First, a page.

The Supreme Court (SC) on Tuesday sent Sahara group chief, an ink-smeared Subrata Roy, and two of its group directors to judicial custody till they present a concrete proposal to refund money collected from investors through optionally fully convertible debentures (OFCD). The apex court has fixed March 11 as the next date of hearing.
The SC bench also ordered custody of the group's other two directors, Ravi Shankar Dubey and Ashok Roy Choudhary, letting the woman director, Vandana Bhargavafree.
Rejecting the proposal presented by the group to return money to investors, a bench of justices KS Radhakrishnan and JSKhehar noted that despite being given sufficient opportunities, there was no concrete proposal to honour its August 31, 2012, judgment and the subsequent orders of December 5, 2012, and February 25, 2013, to return the investors' money. "In exercise of the powers conferred under articles 129 and 142 of the Constitution, we order detention of all the contemnors, except Vandana Bhargava (the fourth respondent) and send them to judicial custody in Delhi, till the next date of hearing, March 11," the bench said.
The day started rather grimly for Roy, who was sprayed with ink outside the court, and ended equally grimly when he was sent to Tihar jail.Roy apologised before the bench for not complying with its order and assured that its order would be followed by him and sought more time for refunding money to investors. "I have faith in you. Punish me if I don't comply with your order," Roy submitted to the bench. While seeking more time, Roy said the group will sell its properties to refund the amount to the investors. The bench told Roy,"You can't make payment in cash as it is contrary to law. You have to make payment through demand draft or cheque." The bench also pulled up Sahara Group for not following its order and taking contradictory stand on payment of investors' money. "You pushed us to the corner. Had you been serious, this position would not have arrived," it said.Sowhat are the options before Sahara which has been playing hide and seek with the judiciary and Sebi and dragged the case for three years? Its options are limited for the simple reason that it does not know who to repay the money to.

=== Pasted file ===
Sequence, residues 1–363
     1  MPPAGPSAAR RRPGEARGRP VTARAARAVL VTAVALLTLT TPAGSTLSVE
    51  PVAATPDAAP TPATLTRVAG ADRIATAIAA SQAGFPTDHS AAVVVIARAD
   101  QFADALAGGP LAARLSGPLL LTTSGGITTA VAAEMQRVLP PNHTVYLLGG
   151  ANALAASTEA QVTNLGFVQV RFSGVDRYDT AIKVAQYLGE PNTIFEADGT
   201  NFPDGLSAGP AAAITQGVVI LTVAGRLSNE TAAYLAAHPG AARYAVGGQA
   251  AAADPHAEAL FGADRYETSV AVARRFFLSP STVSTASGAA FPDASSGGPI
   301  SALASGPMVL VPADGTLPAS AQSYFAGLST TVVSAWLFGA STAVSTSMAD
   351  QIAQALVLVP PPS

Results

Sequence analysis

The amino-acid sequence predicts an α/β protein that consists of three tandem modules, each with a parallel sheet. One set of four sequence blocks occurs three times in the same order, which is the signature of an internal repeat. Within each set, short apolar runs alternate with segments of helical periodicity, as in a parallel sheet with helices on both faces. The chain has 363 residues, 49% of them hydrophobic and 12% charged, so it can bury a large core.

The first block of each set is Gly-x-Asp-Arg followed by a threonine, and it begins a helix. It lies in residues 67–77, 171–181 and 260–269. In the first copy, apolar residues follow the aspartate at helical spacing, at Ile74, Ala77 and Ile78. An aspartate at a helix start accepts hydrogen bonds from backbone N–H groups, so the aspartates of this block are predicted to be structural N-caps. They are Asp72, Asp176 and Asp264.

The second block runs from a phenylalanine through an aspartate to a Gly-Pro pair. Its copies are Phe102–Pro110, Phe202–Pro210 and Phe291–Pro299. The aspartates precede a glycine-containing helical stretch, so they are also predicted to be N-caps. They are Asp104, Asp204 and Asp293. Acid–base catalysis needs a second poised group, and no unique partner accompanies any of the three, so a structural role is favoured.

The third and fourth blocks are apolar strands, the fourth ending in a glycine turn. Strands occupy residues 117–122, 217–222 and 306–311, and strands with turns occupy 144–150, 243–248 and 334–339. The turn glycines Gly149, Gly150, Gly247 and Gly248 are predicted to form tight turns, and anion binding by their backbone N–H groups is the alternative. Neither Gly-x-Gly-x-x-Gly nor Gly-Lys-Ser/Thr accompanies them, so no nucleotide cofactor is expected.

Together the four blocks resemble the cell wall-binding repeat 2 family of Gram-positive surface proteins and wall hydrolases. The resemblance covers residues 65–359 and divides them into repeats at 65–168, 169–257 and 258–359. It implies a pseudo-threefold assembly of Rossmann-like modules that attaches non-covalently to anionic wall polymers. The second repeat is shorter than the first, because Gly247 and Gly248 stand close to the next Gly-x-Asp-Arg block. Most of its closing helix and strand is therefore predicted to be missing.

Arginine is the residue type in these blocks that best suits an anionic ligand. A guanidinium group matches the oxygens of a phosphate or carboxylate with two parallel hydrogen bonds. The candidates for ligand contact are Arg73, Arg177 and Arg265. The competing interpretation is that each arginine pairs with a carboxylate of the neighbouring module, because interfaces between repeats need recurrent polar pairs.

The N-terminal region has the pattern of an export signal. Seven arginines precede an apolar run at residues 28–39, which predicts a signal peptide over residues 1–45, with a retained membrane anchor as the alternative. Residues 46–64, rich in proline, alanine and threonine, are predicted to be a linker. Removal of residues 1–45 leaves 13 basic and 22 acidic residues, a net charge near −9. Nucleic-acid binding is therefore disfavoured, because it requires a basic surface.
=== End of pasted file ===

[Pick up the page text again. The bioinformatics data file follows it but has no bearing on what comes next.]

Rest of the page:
The reason is that as the SC and Sebi rightly suspects, there were no investors. The entire OFCD was a money laundering operation which would have gone unnoticed, but for the alertness of Sebi.Itcame to light when Sahara tried to list a company, Sahara Prime City Ltd. In the red herring prospectus was hidden the fact that the company was in a tax dispute about OFCDs worth Rs20,000 crore. The entire money was collected in cash it stated, against all norms.Also, another letter by an unknown lawyer to Sebi, stated that the bonds issued by Sahara were not in order.Saharahas all this while remained outside regulatory supervision, moving deftly around the various authorities. This time, Sebi was on its throat. Various courts ruled in Sahara's favour regarding this issue till the SC put an end to the endless and successful litigation Sahara indulged in many lower courts across many states.
Sebi said it was the authority to decide on this issue. Sahara had argued that itwas the ministry of corporate affairs.Theissues to be decided now are: since there are no investors, with whom will this money rest with finally? The SC thinks it has to go back to the consolidated fund of India. Surprisingly, there has been no complaint from any investor regarding this OFCD. This is another indication that the huge numbers of investors do not exist. Or the company will have to prove the existence of all investors which is not a possibility, and then repay them. Sahara claims it has paid back most of the money. No proof exists.